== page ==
(ii) Psychological dynamisms always take their meaning from the existential situation of the patient’s own immediate life. In this regard, he mentions the methods of such therapists as van den Berg, Frankl, Boss, and especially the work of one of my favourite psychiatrists R.J. Laing. May also reminds us that the existential therapist will always have in mind the question: What keeps the patient from accepting in freedom his potentialities? Hence whatever technique or approach used will be very much secondary to that.

(iii) Also existential therapists see such dynamisms as transference, resistance and repression very much as ontological concerns. The person in front of the therapist is a human being with all that this entails.

(iv) A big emphasis that May points out in existential therapy is that of Presence. This is an interesting word for this writer here. Having been involved in education now for some thirty years I have always found that a good teacher is one who has real presence in a class. Likewise, I have found the same with my experience of nurses, doctors and psychiatrist. The really good ones have a presence. I’m not so sure whether this is the same presence that May refers to here. However, he does go on to describe what he means by presence with respect to existential therapy: “By this we mean the relationship of the therapist and patient is taken as a real one, the therapist being not merely a shadowy reflector but an alive human being who happens, at that hour, to be concerned not with his own problems, but with understanding and experiencing as far as possible the being of the patient.”(Op. cit., p. 157). On reflection, I believe that the presence I referred to immediately above corresponds quite well to what May has in mind. Truth for the existentialist is always about relationship and it is the therapeutic relationship that counts. He paraphrases Jaspers who bemoans the missed opportunities and missed understanding on the part of a therapist who is lacking a “full human presence.” (Quoted ibid.,157)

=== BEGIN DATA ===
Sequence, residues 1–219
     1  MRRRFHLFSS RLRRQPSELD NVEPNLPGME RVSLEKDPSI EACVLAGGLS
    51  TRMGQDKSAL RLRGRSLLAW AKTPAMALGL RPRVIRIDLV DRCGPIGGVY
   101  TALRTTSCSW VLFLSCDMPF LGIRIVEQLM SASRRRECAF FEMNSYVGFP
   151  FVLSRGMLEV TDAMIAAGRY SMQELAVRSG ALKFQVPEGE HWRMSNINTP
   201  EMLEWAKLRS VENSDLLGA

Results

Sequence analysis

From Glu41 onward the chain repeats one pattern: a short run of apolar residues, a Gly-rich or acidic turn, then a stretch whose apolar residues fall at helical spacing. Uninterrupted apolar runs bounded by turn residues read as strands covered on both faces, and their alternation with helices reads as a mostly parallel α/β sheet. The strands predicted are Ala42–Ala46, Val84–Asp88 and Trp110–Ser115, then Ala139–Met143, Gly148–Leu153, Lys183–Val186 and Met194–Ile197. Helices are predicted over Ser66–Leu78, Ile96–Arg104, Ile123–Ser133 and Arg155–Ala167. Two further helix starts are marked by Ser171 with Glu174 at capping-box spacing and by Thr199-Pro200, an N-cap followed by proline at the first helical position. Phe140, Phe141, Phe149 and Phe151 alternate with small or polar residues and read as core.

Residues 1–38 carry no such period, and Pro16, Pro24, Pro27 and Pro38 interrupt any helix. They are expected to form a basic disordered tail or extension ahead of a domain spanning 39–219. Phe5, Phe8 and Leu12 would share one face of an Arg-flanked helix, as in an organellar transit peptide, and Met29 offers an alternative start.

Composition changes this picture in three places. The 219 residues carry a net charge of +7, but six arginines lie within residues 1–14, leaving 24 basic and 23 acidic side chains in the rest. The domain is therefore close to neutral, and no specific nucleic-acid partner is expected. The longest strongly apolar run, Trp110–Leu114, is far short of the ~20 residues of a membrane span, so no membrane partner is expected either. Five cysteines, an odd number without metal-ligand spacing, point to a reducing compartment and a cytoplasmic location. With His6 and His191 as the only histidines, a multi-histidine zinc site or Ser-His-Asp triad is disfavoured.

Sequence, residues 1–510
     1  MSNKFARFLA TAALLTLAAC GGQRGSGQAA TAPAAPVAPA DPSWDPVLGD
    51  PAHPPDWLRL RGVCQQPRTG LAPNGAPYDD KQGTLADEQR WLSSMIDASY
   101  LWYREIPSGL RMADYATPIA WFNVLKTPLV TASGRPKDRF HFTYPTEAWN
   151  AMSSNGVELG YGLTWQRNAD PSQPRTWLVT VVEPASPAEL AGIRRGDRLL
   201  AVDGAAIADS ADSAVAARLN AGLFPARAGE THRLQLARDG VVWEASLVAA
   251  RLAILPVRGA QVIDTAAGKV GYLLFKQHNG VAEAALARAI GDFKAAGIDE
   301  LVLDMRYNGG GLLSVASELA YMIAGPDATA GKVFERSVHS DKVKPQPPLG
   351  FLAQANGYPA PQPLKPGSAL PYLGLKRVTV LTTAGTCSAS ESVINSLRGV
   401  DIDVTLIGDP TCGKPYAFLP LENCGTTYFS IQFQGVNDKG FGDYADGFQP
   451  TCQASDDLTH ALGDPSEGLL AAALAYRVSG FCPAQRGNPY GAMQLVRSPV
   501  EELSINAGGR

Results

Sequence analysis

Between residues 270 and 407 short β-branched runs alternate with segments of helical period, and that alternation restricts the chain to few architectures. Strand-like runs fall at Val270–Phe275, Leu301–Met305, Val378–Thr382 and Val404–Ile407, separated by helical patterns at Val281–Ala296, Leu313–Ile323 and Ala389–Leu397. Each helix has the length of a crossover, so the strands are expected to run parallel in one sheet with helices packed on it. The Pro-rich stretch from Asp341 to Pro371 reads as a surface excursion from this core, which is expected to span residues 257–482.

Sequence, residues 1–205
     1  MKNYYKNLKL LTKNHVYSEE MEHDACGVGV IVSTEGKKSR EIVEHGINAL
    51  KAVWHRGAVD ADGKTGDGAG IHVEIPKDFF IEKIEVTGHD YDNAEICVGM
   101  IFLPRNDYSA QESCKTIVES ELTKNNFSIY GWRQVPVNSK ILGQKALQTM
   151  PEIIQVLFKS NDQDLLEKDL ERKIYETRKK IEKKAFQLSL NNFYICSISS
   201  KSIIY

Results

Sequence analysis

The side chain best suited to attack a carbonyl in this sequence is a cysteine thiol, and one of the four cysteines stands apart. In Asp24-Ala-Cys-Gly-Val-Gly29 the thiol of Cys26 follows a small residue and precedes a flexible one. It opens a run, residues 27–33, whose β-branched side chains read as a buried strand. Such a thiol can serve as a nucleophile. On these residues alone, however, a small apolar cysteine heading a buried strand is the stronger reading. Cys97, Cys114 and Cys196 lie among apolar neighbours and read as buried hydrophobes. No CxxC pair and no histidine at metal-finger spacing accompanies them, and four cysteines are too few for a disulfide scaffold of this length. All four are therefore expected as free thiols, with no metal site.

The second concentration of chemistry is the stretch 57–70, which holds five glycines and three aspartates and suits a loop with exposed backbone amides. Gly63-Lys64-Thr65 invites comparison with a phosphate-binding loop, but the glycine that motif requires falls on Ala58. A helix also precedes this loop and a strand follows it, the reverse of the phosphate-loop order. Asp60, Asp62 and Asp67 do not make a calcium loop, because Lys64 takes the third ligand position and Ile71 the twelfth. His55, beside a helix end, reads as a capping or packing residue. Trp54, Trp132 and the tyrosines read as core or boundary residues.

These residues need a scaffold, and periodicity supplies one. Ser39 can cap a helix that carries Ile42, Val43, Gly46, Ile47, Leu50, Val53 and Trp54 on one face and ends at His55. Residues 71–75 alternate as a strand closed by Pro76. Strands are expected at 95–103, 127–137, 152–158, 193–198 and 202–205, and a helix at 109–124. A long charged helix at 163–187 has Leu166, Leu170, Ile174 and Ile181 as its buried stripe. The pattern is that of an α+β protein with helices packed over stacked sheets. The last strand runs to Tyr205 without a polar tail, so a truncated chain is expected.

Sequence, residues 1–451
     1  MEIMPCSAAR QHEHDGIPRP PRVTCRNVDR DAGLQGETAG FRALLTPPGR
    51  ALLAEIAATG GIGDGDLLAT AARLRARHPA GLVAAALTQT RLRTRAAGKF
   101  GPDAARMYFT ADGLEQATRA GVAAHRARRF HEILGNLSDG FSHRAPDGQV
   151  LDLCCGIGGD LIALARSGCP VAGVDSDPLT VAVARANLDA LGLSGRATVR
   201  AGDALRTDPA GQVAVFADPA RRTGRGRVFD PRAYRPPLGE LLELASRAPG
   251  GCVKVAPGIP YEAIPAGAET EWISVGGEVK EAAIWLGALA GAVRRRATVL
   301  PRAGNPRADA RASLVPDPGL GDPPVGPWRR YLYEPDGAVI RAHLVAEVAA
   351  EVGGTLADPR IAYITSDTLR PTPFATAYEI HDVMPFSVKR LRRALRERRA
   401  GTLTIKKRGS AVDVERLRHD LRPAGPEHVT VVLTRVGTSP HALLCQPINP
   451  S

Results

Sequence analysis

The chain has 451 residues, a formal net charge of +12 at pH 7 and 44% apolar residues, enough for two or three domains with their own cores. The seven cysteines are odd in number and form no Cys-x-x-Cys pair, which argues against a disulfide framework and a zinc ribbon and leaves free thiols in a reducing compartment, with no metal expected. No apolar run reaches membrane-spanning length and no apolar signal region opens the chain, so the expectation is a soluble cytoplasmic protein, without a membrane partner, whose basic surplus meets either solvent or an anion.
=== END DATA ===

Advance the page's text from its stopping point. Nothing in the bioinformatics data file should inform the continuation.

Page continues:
(v) Frieda Fromm-Reichmann, according to May, always used to say, “The patient needs an experience, not an explanation.” Once again, this is essentially about Presence.

(vi) Rolla May makes an interesting point about Carl Rogers and states that the latter in his Apologia Pro Vita Sua wrote what approximates to a very existential document. This is not surprising as there are some existential elements in the Rogerian approach where he puts the central emphasis on the relationship between the therapist and patient. There are essential differences between the two approaches with the Rogerian being far shorter in duration than the existential approach. This distinction seems clear to this writer as the existential approach is a depth psychology approach and all depth approaches need time to unravel at least some of the unconscious material. May, who is a thorough existentialist, finds fault with Rogers as being “at times naively optimistic” while the existential approach must, of its very nature, be oriented more to the tragic crises of life. However, he is at one with Rogers in much of what he writes, viz., the basic idea that therapy is “a process of becoming” for the patient.